City officials: Tell us who's using airport
By BRYAN GILMER, Times Staff Writer
ST. PETERSBURG -- The private company that runs much of Albert Whitted Municipal Airport agreed Friday to disclose who rents the city-owned hangars there and other data about how the airport is used.
It's information that the mayor and the City Council have not had as they discuss whether to close or upgrade the airport. They know little about who is using it or for what.
Bay Air Flying Service leases city-owned hangars in bulk, then leases each one out to aircraft owners. It also sells fuel and services to pilots. City staffers said they were curious about who leases the hangars, but they said they didn't have access to the information.
Mayor Rick Baker said he told his staff Friday to ask Bay Air president Ron Methot for it. The city requested the name and home city of each hangar renter, an overview of Bay Air's financial figures and a breakdown of what sorts of planes fly into Whitted from other cities.
Methot said yes, and the city expects to receive the information in about two weeks.
"What I've asked for Ron to do is provide us with kind of an economic analysis of what they believe are the economic benefits of the airport to the city," Baker said. "What I'm looking for is kind of their analysis of why this is a good thing economically for the city."
Earlier this month, Methot refused to provide the St. Petersburg Times with a list of who rents the hangars. The newspaper requested the information under Florida public records law because Bay Air manages publicly owned property on behalf of the city.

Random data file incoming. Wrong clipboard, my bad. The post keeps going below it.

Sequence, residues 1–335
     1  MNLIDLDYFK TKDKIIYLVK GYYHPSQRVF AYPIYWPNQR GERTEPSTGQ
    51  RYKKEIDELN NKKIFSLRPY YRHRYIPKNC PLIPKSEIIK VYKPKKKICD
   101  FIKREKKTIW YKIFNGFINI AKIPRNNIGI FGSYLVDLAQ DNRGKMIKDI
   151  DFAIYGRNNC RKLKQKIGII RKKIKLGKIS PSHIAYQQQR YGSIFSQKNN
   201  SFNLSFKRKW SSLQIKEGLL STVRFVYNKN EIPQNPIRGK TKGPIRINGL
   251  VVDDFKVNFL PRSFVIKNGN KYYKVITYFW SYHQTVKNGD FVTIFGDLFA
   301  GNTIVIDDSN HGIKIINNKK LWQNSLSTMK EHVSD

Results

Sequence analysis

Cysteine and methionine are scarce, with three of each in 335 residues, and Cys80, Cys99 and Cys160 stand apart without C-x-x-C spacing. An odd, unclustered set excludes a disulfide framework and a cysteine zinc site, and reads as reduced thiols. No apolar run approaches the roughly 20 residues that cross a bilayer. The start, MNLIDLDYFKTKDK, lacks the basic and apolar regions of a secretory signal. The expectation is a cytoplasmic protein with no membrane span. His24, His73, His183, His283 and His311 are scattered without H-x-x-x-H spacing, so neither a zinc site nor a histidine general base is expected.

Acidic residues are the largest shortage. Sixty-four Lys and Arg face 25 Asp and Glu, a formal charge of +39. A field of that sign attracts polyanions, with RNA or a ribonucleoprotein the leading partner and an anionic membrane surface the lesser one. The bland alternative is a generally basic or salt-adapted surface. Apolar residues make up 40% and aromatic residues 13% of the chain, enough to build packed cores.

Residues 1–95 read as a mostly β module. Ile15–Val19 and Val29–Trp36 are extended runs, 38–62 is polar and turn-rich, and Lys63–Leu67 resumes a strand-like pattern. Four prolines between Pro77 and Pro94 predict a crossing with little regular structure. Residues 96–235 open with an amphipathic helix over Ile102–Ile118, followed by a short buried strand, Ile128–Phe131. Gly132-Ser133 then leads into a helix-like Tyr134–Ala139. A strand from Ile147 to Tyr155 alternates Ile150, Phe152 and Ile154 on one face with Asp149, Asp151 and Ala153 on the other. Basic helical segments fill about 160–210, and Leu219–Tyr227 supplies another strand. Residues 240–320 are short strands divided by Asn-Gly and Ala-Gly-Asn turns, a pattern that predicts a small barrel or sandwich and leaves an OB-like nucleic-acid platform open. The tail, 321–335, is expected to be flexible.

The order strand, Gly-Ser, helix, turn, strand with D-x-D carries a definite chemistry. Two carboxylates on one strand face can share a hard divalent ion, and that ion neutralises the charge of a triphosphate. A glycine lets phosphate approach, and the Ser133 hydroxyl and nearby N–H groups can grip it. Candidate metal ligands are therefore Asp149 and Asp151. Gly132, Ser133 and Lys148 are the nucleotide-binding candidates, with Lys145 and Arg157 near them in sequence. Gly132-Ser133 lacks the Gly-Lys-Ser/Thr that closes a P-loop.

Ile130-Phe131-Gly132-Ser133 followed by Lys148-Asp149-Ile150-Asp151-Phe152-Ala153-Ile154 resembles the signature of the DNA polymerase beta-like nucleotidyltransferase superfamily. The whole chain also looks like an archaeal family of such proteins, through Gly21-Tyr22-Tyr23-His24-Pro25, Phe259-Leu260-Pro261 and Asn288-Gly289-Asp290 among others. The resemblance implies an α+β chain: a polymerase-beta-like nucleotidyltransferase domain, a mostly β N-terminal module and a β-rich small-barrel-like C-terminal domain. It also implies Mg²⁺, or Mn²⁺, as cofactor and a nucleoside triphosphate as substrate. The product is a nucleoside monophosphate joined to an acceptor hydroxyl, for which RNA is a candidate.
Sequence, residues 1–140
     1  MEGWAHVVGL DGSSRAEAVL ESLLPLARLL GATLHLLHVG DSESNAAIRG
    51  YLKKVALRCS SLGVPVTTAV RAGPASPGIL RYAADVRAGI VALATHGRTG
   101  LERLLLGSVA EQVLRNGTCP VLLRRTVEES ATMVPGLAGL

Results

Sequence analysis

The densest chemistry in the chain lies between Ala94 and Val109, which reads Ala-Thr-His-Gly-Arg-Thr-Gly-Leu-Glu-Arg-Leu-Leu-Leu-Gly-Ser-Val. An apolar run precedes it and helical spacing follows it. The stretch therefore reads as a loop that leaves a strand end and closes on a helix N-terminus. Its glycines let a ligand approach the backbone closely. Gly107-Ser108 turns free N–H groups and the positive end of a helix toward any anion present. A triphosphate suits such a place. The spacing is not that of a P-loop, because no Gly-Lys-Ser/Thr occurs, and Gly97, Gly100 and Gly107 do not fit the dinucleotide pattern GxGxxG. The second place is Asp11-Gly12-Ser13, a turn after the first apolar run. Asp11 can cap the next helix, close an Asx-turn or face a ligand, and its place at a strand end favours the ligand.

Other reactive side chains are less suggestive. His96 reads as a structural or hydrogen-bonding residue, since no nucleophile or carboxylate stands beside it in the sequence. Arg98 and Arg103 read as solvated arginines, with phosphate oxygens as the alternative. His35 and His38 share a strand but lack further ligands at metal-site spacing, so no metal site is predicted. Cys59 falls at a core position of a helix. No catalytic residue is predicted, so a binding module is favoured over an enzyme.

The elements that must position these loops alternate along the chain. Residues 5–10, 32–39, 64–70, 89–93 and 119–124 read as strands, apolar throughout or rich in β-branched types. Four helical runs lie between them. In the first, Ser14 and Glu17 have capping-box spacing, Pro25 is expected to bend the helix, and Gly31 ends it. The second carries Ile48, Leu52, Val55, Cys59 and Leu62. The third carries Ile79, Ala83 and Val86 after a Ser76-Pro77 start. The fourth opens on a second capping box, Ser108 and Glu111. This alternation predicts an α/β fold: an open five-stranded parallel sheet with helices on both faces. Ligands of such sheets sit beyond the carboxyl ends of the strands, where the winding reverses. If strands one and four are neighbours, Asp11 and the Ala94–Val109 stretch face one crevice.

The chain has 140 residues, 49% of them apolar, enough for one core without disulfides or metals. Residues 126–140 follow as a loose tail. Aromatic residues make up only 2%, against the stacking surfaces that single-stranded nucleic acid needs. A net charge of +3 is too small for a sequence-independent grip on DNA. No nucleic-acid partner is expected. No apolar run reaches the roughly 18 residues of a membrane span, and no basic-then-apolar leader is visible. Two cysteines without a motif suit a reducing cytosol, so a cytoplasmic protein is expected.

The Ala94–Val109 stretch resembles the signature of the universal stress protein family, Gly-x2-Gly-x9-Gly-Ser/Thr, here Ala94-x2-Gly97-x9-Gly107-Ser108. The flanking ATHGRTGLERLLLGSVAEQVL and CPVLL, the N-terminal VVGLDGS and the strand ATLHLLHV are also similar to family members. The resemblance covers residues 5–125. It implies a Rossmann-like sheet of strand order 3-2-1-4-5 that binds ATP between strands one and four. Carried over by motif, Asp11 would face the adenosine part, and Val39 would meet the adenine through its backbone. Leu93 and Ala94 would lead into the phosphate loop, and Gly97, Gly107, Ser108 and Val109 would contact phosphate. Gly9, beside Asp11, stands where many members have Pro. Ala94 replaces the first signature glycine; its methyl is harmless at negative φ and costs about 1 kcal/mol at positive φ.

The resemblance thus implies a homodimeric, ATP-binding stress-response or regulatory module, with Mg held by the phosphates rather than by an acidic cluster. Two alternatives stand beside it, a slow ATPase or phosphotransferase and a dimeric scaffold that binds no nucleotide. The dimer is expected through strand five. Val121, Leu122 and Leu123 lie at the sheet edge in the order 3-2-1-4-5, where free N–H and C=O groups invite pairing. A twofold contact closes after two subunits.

Methot disagrees that the information is public record. However, he said Friday that he would have happily given the information to city officials if they had requested it before Friday.
"I never denied the city any request for information," he said. "It wasn't on their desk because they never asked for it."
City economic development director Ron Barton has argued that a new neighborhood would be a better use of the 110 acres of city-owned waterfront, but airport users say the airport provides an economic benefit to the city and is a valuable training ground for pilots. They say it could provide a greater benefit if the city built a new terminal.
City development administrator Rick Mussett said Methot's information will be useful as Baker and City Council members compare possible uses for the land.
"There's probably other economic impacts, but whatever Ron supplies us would certainly capture a big piece of what goes on out there," Mussett said.
Baker has taken no position in the debate. He has said that the cost of removing a sewage treatment plant from the airport will be important to his decision.
A draft of a study estimated that it would cost $55-million to $65-million to remove that plant and route sewage to the city's other three plants. Baker said he wants to see the final version of the study, with answers to additional questions he and his staff have posed.
He's in no rush to make up his mind.
"I don't really have the money to remove the treatment plant, and I really don't have the money to build a terminal, so there's not really a decision to be made tomorrow," he said.
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